- Darker and Edgier: Compared to a lot of 1950s cinema this film is quite dark. What with almost all of the cast dead and some pretty gruesome deaths.
- Defiant to the End: Claire, naturally.
- Executive Meddling: The creature was originally conceived as short and squat, due to the harsh gravity of its native planet. Actress Beverly Garland was unimpressed by the vertically-challenged villain — approaching it within hearing of director Roger Corman she cried "So, you plan to take over the world do you? Take that!" and kicked it in the head. Corman therefore told the prop guy to do something to make it bigger and scarier. Well, it's bigger, at least.
- Follow the Leader: Invasion of the Body Snatchers, except with a giant rutabaga.
- Gorn: By 1950s standards, what with the creature's eye getting torched out, a man getting shot with a blowtorch from behind, and a woman strangled.
- Heel-Face Turn: Dr. Tom Anderson
- "I Know You're in There Somewhere" Fight: Amazingly, averted in a 50s film with mind control. It seems the only way to free them was with death. A little shocking that Paul doesn't try to talk his controlled wife out of it; he asks her if the control is permanent, then *bang*.
- Fridge Horror: What if the death of the controller frees the victim?
- My God, What Have I Done?: Tom starts to see the errors of his ways the hard way.Tom (to the Big Bad): I made it possible for you to come here! I welcomed you to this Earth Ė you made it a charnel house!
- Nonindicative Name: "It Duped A Bitter Idiot, Conquered Something Like Five People, And Knocked Out The Power For A While." must have been a bit unwieldy.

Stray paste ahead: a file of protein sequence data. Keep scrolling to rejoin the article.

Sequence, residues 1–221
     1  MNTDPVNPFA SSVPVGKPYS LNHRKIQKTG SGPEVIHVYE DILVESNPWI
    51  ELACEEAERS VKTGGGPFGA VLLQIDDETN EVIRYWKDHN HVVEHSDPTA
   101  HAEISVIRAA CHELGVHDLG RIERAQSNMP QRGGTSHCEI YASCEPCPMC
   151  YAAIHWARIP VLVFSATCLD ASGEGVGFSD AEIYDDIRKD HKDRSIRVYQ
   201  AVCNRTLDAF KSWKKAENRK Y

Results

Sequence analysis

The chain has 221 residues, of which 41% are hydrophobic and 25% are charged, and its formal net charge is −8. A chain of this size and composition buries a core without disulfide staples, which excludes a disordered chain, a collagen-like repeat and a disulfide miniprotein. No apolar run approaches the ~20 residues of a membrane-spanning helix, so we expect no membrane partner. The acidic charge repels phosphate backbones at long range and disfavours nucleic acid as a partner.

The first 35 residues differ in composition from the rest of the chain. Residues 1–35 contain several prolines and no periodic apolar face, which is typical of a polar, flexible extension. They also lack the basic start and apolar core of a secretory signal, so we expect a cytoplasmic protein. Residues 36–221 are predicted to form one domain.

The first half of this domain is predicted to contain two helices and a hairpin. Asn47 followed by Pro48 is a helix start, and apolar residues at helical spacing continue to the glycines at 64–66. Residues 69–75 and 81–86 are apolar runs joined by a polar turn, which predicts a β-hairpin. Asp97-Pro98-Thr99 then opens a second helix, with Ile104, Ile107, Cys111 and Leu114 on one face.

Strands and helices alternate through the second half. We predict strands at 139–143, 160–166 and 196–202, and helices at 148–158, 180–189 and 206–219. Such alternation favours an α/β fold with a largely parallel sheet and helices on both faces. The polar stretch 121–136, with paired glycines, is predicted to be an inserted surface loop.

- Puppeteer Parasite
- "The Reason You Suck" Speech: Claire lays the smackdown to the alien when she meets it face to face armed with a hunting rifle.Claire: So thatís what you look like! Youíre ugly! Go on! Try your intellect on me! You think youíre going to make a slave of the world? Iíll see you in Hell first!
- Roaring Rampage of Revenge: Claire, oh so much.Claire: Look, I donít know whether you can hear me or not, but if you can, you listen good! I hate your living guts for what youíve done to my husband and my world, and Iím going to kill you! Do you hear that? Iím going to kill you!
- Special Effect Failure: Cited by Frank Zappa in his opening monologue to "Cheepnis" on Roxy And Elsewhere. At least one of the shots of the alien features the two-by-four used to push it into the shot being dragged quickly out of the frame.
- Starfish Alien : Well... just look at it!Frank Zappa: It looks like, uh, like a teepee or a... or a rounded off pup-tent affair. And it's got fangs on the base of it — I don't know why, but it's a very threatening sight.
- Stay in the Kitchen: Corman was a feminist but even by his standards, Claire subverts it quite well. She delivers to the Venusian, over the radio, a "The Reason You Suck" Speech, takes her husband's rifle and goes to try to kill it herself.
- Those Two Guys: First Sergeant and Corporal Manuel, played by Dick Miller and Jonathan Haze.